Sunday, February 15, 2009

"McCain laments politics as usual"

"The old business as usual." That's John McCain's blunt assessment of the Obama administration, on CNN this morning.

Hence the headline atop Reid Wilson's piece in The Hill. And here's the top:

Sen. John McCain (R-Ariz.) on Sunday bemoaned what he called politics as usual and criticized President Obama's early Cabinet choices as typical Washington appointees.

"I'm not happy, and most of us aren't at the lack of true bipartisanship in approaching this legislation," McCain said of the stimulus package during an interview on CNN's "State of the Union."

The eight-pound, thousand-page measure is "the old business as usual," McCain said, criticizing the president for going back on his pledges of transparency.

Thursday, February 12, 2009

Three New Business As Usual Data Points

First: "Congressional Offices Don't Have the Stimulus Bill, Lobbyists Do" -- that's the very business-as-usual headline from Paul Bedard at US News, who notes:

We're receiving E-mails from Capitol Hill staffers expressing frustration that they can't get a copy of the stimulus bill agreed to last night at a price of $789 billion. What's more, staffers are complaining about who does have a copy: K Street lobbyists. E-mails one key Democratic staffer: "K Street has the bill, or chunks of it, already, and the congressional offices don't. So, the Hill is getting calls from the press (because it's leaking out) asking us to confirm or talk about what we know—but we can't do that because we haven't seen the bill. Anyway, peeps up here are sort of a combo of confused and like, 'Is this really happening?'" Reporters pressing for details, meanwhile, are getting different numbers from different offices, especially when seeking the details of specific programs.

Second: "The new D.C.: Same as it ever was"--Charles Mahtesian and Patrick O'Connor sum up the situation for Politico: "So much for post-partisanship."

Third: "Democrats Abandon Transparency on Stimulus Vote"--a headline from Rob Bluey, writing in

House Majority Leader Steny Hoyer (D-MD) confirmed this afternoon that Democrats will break their transparency pledge by bringing the stimulus bill to a vote tomorrow morning, giving lawmakers and the public significantly less time than the 48 hours promised.

Monday, February 9, 2009

A New NSC?

If spending, per the previous post, is showing distinct signs of same ol' same ol', this article here, on reorganization of the National Security Council, shows that the Obama administration is thinking fresh thoughts about organizing the government.

If national security adviser James L. Jones means it when he says that he wants to concentrate power in the NSC, well, that's a change.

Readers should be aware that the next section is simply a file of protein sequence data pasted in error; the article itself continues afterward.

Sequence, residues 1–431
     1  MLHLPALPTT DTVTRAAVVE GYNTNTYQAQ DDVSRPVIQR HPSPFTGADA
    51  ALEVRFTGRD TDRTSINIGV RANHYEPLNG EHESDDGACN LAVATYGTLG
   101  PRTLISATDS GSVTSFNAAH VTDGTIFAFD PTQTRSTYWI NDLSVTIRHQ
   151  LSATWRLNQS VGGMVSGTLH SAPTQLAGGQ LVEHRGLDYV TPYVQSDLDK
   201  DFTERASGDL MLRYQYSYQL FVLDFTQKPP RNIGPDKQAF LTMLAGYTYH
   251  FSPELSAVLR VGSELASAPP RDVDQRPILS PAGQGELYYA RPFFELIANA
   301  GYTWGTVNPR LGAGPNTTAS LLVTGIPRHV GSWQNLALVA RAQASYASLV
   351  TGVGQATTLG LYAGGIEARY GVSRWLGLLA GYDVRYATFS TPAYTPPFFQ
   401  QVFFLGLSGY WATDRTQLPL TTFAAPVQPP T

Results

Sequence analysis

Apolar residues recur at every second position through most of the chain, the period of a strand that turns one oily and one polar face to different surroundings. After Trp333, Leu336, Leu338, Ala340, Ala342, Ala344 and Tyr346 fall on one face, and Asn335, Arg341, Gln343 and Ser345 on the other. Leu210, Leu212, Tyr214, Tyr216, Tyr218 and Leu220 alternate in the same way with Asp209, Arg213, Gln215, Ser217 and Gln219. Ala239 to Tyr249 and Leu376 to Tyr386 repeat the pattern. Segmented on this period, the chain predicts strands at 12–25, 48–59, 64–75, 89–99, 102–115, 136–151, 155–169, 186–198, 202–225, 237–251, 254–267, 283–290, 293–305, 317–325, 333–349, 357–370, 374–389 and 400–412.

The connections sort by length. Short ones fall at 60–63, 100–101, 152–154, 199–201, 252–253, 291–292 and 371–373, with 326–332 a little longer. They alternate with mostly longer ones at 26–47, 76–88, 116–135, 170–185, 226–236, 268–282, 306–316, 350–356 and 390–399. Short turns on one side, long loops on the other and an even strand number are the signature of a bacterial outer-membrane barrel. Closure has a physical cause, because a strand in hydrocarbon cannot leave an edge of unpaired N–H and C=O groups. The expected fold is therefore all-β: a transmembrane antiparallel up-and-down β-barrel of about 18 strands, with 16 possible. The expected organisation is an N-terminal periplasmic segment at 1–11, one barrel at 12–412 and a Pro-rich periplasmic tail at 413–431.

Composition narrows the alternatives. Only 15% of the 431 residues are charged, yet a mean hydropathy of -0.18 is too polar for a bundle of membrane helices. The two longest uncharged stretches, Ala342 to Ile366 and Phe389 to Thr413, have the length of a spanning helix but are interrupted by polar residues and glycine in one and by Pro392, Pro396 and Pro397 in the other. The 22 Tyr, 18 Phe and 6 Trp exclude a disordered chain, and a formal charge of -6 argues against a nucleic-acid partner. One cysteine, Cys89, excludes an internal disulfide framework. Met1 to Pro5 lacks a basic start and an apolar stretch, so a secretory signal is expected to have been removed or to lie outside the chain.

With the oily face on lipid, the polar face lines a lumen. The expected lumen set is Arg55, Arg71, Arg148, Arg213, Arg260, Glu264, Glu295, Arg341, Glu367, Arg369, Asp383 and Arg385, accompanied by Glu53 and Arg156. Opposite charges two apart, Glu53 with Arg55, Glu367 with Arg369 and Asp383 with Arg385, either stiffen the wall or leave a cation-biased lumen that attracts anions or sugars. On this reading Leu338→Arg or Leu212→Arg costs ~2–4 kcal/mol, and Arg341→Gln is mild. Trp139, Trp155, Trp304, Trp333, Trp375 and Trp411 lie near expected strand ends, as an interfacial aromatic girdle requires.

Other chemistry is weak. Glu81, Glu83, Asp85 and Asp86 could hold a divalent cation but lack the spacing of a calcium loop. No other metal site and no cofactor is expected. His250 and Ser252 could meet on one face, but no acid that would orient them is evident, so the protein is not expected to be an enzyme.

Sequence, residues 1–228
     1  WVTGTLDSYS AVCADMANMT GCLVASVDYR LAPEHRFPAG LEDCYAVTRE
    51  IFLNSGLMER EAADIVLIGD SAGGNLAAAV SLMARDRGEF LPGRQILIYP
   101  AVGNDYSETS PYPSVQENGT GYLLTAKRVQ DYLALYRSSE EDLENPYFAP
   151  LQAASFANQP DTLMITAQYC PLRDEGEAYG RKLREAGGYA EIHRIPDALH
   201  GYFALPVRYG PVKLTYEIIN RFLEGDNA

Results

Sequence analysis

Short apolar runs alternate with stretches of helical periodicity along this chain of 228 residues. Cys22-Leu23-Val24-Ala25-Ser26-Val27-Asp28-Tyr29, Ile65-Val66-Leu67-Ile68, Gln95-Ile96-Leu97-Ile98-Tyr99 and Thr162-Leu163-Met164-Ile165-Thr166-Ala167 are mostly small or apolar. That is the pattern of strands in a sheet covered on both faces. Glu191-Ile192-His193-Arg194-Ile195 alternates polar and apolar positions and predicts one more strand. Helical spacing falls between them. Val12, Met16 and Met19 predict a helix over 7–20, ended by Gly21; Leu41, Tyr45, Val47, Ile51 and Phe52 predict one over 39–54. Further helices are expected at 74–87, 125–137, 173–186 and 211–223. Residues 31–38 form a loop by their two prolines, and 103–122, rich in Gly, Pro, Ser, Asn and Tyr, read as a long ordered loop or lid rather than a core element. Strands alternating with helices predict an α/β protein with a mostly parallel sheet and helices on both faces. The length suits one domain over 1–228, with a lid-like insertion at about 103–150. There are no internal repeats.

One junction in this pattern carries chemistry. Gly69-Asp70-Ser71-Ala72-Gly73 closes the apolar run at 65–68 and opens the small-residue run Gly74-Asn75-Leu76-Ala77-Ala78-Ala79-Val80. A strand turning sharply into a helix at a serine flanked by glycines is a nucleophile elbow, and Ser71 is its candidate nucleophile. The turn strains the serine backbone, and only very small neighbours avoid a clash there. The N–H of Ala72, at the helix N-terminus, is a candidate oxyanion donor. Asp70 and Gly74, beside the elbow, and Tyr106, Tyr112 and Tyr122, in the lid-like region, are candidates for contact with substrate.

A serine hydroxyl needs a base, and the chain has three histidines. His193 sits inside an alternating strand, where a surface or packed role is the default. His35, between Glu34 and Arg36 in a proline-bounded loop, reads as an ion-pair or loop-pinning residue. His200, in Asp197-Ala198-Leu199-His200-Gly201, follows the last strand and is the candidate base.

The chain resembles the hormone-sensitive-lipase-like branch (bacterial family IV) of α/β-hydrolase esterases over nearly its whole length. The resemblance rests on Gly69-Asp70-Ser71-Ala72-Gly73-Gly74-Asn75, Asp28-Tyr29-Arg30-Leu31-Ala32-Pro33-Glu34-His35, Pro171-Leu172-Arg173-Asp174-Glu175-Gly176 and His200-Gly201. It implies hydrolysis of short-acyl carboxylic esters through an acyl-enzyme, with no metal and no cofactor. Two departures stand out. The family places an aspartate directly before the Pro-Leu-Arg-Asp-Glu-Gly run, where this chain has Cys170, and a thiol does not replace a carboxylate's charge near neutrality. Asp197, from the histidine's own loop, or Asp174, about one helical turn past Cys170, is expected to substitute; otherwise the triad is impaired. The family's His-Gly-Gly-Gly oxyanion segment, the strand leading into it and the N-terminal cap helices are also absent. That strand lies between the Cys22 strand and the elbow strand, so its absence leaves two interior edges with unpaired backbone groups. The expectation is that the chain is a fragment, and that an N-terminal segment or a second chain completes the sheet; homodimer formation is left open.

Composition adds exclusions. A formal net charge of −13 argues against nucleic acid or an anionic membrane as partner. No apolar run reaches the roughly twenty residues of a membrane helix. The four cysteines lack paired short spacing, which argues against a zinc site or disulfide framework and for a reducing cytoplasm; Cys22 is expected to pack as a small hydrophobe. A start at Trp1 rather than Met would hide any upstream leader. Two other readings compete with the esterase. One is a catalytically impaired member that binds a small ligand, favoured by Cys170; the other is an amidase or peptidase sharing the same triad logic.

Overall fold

History tells us that the only way that things get done is through such centralization. That's why the notion of a "czar" is a good one, if the goal is profound change. It's just not possible to get anything done if there are a bunch of people in the room.

One can like or dislike Obama's health care policy, or his energy/environment policy, but from the point of view of supporters, it's a good idea. And the same with a centralized approach to national security policy making.

So count this as a change from business as usual.

Business As Usual Updates

Here's a front-page Washington Post headline to make fans of the status quo happy: "If Spending Is Swift, Oversight May Suffer Plan's Pace Could Leave Billions Waste."

And this was in the WaPo!

As reporter Robert O'Harrow puts it:

The Obama administration's economic stimulus plan could end up wasting billions of dollars by attempting to spend money faster than an overburdened government acquisition system can manage and oversee it, according to documents and interviews with contracting specialists.

The $827 billion stimulus legislation under debate in Congress includes provisions aimed at ensuring oversight of the massive infusion of contracts, state grants and other measures. At the urging of the administration, those provisions call for transparency, bid competition, and new auditing resources and oversight boards.

But under the terms of the stimulus proposals, a depleted contracting workforce would be asked to spend more money more rapidly than ever before, while also improving competition and oversight. Auditors would be asked to track surges in spending on projects ranging from bridge construction and schools to research of "green" energy and the development of electronic health records -- a challenge made more difficult because many contracts would be awarded by state agencies.